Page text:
Linksys PAP2 Dial Plan Basics
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As with most ATAs (Analog Telephone Adapters), the Linksys PAP2 is an extremely versatile and customizable piece of VoIP equipment. In April of 2005, Cisco Systems (The parent company of Linksys) bought the privately-held VoIP company, Sipura. This resulted in the 're branding' of Sipura and integration of the Sipura product line into the Linksys family. As a result, the Linksys PAP2, shares many commonalities (though few cosmetic) with the Sipura line of ATAs and the Dial Plan basics that I'll be talking about also relate to some of the Sipura VoIP adapters (e.g., the SPA-2000 line).
I should point out that this tutorial is by no means intended as an authoritative text on Linksys/Sipura dial plans. The purpose is merely to assist you in writing a basic dial plan that will help you to customize your VoIP adapter and provide a foundation on which you can build should you wish to create more customized dial plans.
What is a Dial Plan?
A Dial Plan is a string of characters that governs the way your PAP2 processes inputs received from your telephone keypad. In North America for example, direct-dial long distance calls made from the Public Switch Telephone Network (PSTN - conventional land lines) are generally made in the following order:
On the other hand, if you happen to reside in Australia things are a little different. To call another long-distance location within Australia, you'd dial in the following format:
Now, let's for argument sake say that you live in Australia, yet your VoIP service provider is based in North America (a very real scenario given the nature of the Internet!). Even though you'd normally dial '0' + the 'Area code' and 'number' for your call to another destination within Australia, your VoIP service provider is expecting you to dial in the same fashion as you would had you been living in North America (e.g., to call a number in Australia, you'd dial '011' (the international prefix) followed by '61' (the country code for Australia) followed by the Area code and number. Herein lies the beauty of a dial plan - your PAP2 can be programmed to translate the local dialing and feature settings to which you're accustomed to the format that your VoIP service provider is expecting to terminate the call. In other words, you can craft a dial plan that will enable you to dial local numbers on your VoIP connected phone in the same fashion as you would had you been dialing from a PSTN connected telephone, regardless of who or where your VoIP Service Provider is located.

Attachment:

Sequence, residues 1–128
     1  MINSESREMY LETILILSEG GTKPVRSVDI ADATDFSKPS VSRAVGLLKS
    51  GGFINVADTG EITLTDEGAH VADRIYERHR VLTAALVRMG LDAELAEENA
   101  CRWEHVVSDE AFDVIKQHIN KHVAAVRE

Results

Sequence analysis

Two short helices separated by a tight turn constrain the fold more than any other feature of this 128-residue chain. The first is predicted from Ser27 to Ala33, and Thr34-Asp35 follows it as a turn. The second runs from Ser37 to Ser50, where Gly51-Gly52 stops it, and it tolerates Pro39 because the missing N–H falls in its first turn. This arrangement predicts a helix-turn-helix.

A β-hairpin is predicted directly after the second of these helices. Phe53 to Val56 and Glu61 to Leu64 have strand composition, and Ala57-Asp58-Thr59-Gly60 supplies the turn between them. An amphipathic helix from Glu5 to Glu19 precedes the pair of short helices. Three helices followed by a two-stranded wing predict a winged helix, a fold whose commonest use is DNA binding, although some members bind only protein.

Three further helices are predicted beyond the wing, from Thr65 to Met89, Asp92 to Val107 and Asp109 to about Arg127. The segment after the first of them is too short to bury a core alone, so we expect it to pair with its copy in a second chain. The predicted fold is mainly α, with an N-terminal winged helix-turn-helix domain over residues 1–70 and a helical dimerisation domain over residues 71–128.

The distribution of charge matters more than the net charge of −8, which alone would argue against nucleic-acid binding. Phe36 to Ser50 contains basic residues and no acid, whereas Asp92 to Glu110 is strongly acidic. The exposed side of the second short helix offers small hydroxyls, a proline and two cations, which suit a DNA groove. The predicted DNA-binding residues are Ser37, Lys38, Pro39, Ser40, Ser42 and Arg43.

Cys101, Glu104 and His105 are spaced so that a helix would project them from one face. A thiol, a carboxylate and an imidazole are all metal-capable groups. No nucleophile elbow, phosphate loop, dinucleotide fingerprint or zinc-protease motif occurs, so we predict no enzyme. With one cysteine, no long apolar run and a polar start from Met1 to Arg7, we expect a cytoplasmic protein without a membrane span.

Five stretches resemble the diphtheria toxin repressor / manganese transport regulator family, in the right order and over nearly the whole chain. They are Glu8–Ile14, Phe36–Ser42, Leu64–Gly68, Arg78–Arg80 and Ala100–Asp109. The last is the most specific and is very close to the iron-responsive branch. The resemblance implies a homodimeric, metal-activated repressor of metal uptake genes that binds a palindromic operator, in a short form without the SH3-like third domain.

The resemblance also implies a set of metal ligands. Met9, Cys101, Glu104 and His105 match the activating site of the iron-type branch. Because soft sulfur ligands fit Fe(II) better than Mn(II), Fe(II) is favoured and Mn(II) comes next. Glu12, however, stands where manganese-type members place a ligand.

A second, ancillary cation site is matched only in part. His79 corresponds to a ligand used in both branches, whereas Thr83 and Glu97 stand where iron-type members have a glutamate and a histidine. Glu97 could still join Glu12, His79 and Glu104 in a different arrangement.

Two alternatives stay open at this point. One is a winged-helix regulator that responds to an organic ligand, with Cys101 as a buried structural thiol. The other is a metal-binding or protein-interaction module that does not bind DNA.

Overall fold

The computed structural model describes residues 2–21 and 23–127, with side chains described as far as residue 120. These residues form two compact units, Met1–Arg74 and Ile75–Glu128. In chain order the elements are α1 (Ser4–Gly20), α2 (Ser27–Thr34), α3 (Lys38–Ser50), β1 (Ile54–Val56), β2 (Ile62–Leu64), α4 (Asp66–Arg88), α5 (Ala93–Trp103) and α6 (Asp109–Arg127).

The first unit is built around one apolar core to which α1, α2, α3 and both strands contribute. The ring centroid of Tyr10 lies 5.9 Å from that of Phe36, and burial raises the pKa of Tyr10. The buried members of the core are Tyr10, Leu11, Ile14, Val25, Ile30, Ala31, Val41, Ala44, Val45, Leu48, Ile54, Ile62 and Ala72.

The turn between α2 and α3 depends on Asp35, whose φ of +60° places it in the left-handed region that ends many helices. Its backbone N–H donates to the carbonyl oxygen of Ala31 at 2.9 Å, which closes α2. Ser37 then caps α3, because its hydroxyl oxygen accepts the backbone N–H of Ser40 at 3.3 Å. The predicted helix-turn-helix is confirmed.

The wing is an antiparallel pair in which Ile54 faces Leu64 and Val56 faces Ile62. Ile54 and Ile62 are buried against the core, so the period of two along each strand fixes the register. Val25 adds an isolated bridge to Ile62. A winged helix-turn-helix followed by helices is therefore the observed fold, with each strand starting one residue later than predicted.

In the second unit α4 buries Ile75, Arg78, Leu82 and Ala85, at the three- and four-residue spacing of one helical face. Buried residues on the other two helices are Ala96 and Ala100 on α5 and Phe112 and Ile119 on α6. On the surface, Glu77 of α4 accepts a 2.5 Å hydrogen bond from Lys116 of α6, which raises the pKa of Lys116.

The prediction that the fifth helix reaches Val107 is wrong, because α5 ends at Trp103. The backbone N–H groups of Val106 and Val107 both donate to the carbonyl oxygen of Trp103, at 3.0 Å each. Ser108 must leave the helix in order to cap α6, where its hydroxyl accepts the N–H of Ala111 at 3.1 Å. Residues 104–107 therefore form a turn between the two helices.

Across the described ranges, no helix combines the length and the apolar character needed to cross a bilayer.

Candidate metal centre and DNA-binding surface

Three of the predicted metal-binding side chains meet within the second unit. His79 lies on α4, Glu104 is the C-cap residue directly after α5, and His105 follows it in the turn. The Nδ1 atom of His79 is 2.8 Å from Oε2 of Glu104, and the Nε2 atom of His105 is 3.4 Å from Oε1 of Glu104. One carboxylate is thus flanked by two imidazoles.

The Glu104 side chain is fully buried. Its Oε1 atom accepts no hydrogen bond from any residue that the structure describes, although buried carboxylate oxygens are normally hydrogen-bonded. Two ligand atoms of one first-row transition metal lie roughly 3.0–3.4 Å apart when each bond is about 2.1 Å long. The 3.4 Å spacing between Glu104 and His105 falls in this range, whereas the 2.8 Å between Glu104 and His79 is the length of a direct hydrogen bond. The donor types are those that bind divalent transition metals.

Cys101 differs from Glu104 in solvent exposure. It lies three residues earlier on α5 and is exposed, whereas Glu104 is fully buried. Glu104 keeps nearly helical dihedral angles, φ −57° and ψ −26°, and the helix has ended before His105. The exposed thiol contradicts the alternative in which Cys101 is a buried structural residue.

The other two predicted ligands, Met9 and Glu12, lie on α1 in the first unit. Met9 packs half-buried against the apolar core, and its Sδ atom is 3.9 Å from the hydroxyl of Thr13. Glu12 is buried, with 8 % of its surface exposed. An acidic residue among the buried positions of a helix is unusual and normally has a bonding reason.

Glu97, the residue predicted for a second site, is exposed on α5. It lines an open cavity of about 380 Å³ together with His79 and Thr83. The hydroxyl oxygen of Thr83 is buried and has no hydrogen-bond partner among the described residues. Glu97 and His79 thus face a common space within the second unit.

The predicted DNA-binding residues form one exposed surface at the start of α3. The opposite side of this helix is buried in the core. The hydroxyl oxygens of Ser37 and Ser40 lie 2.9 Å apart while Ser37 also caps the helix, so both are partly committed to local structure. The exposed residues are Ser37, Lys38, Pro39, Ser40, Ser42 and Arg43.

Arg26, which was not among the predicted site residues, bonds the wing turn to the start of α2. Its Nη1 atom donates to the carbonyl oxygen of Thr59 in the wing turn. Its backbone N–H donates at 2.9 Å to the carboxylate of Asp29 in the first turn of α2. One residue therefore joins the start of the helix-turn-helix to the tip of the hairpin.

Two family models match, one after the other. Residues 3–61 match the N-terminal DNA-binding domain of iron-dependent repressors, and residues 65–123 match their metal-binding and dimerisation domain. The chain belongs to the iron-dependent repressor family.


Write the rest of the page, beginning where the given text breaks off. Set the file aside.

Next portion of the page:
Here's an example dial plan that I use. Don't be too concerned about what all the characters mean at this point - I'll break it down shortly.
Do I need a Dial Plan?
If you've decided to use your PAP2 with a BYOD (Bring Your Own Device) VoIP Service Provider, you'll likely need a customized dial plan string.
Revisiting the scenario where you reside in Australia, yet your VoIP Provider is located in North America, another good reason for a customized dial plan is the handling of calls to emergency services. In North America, emergency calls are dialed as '911' whereas in Australia, calls to the emergency services are dialed as '000'. Now, your VoIP ATA is unable to discern the gravity and subsequent routing of calls to emergency services however your PAP2 can be programmed to route 911 calls to your local emergency services operator through your dial plan string.
Where do I find my Dial Plan?
Assuming that you own a PAP2-NA (not VoIP provider specific) or have unlocked your PAP2 supplied by a VoIP Provider, you should have access to the 'Admin Login' and subsequent 'Advanced View' settings. The dial plans that you create are 'Line Specific' - i.e., each line can have a different dial plan. Firstly, navigate to the Telephone line number (Line 1 or Line 2) for which you'd like to modify the dial plan:
Towards the bottom of the page, you should see an area marked 'Dial Plan' as in the following image:
Next: What do the numbers mean?...
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